Police in Western Australia have greater powers to shoot to kill during terror incidents under laws passed by the state's upper house.
It means officers have legal protection to take pre-emptive action if the incident is declared by the police commissioner to be terror-related.
"I hope these laws never have to be used, but if the worst occurs, our police will be ready to respond," Premier Mark McGowan said in a statement after the bill passed on Thursday.
It follows similar moves in NSW and Victoria stemming from inquest recommendations after the deadly 2014 Lindt Cafe siege.
"These new laws ensure our police have sufficient legal protection if pre-emptive force is required to save hostages in a potential terrorism incident," Police Minister Michelle Roberts said.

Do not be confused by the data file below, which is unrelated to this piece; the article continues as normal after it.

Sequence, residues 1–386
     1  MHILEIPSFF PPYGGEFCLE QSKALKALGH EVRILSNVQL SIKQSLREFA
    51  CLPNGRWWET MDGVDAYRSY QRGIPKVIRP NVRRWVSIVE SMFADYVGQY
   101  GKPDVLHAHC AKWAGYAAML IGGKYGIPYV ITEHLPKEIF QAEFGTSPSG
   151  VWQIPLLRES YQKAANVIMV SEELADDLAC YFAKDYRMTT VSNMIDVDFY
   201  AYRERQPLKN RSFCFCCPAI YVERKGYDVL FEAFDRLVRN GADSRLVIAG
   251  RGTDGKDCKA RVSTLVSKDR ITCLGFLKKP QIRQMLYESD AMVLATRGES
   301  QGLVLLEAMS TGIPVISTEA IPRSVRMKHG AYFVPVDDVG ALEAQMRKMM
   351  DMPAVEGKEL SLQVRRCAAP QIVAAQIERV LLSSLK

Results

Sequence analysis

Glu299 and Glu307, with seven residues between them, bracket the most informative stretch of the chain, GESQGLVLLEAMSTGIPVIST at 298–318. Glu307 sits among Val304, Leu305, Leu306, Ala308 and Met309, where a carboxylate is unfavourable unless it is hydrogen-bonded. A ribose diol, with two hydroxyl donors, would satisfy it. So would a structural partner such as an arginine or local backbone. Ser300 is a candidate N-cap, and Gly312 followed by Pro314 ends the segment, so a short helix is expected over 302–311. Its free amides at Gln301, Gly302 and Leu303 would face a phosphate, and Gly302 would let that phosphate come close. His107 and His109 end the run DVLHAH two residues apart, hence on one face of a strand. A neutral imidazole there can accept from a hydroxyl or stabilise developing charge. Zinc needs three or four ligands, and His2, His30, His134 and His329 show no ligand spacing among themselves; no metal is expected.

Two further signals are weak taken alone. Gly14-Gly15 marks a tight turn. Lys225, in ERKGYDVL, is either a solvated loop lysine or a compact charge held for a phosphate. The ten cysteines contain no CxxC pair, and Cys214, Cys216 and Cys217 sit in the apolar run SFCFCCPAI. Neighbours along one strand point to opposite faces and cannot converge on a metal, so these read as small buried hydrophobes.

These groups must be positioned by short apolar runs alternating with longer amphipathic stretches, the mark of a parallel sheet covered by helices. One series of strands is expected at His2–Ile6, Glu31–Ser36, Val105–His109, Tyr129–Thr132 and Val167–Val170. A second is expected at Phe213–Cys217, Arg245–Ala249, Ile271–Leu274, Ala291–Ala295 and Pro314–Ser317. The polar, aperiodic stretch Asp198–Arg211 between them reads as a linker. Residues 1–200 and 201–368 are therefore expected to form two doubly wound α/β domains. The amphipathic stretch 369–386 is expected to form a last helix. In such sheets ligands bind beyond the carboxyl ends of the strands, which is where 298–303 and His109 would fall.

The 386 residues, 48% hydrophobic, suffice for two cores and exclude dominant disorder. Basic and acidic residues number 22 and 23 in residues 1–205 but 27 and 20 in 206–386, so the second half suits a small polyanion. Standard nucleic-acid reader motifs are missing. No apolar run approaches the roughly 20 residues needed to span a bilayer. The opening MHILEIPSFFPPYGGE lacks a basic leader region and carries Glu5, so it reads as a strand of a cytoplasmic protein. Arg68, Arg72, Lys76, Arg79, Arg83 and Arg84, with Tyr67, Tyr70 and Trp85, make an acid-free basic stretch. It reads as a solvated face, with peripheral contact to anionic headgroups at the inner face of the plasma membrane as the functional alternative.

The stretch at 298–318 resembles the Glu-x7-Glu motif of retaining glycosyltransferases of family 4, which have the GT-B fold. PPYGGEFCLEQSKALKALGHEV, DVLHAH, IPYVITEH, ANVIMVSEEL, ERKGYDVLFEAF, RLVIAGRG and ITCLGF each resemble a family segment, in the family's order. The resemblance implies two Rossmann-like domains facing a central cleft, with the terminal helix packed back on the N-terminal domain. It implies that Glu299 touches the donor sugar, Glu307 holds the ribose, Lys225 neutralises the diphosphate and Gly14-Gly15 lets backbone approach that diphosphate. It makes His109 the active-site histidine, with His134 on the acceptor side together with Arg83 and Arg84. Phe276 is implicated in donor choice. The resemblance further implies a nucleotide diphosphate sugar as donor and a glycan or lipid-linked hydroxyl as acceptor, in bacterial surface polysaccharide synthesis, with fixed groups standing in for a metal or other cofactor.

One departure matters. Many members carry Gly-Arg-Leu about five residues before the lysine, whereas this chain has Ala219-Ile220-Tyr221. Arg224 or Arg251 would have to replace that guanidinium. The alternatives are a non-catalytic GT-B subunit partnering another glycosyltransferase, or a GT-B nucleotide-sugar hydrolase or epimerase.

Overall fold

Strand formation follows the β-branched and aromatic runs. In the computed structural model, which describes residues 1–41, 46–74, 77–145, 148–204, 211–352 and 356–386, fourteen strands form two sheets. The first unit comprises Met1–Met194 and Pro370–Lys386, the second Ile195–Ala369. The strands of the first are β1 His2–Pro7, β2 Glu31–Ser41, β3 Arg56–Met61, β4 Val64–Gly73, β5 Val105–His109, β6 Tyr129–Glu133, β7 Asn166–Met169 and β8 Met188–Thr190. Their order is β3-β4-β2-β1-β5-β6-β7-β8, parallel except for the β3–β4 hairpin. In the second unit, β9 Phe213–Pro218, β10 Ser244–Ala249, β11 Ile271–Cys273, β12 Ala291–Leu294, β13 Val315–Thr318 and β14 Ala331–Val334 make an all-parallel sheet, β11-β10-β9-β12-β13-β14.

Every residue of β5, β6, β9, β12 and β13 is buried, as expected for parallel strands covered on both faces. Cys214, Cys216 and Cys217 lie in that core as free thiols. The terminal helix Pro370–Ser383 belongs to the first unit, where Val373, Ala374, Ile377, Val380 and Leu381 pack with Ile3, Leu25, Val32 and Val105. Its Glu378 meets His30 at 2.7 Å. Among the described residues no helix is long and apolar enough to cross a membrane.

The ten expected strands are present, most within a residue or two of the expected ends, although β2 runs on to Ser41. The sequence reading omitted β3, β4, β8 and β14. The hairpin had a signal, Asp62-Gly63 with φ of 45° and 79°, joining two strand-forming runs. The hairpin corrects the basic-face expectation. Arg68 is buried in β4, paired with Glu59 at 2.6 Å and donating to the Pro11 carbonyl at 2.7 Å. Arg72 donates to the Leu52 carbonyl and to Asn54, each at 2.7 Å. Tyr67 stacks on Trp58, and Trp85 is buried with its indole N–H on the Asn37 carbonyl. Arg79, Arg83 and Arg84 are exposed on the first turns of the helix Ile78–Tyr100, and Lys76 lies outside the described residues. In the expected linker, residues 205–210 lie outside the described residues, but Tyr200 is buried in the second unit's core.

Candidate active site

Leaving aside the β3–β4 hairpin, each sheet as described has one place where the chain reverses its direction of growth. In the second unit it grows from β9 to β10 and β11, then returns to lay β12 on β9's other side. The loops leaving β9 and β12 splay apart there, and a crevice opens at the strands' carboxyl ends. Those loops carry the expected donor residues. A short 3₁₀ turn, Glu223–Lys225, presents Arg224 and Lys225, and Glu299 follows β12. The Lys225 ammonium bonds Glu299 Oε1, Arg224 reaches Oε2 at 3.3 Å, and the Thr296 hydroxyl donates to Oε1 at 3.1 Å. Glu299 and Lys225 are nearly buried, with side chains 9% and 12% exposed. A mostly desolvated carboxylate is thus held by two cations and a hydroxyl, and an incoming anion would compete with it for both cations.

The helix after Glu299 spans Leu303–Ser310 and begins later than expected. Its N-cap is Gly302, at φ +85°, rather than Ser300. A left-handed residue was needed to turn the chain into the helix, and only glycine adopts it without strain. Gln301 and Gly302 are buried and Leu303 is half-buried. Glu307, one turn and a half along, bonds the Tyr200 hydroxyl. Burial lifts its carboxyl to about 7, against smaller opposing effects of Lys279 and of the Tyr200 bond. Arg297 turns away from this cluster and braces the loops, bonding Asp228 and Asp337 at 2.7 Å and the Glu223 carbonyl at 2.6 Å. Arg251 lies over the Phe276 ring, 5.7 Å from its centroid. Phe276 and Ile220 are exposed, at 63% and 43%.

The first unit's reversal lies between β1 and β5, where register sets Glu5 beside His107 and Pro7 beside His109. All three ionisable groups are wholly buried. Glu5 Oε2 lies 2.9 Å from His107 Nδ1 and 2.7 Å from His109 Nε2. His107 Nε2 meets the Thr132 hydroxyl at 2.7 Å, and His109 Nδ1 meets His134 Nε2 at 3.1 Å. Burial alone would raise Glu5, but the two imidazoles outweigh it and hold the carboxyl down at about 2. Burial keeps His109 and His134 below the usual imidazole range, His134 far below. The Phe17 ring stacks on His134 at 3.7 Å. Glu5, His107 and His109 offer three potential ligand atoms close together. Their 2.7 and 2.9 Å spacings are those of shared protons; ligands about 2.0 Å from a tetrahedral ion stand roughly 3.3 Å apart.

In March, Police Commissioner Chris Dawson said officers would "have to form a reasonable belief that this action to use lethal force in a pre-emptive way, in a planned and co-ordinated operation, is necessary in the circumstances".
A NSW coroner's report after the Lindt Cafe siege found a lack of clarity among police about when lethal force could be used contributed to the tragedy.
Australian Associated Press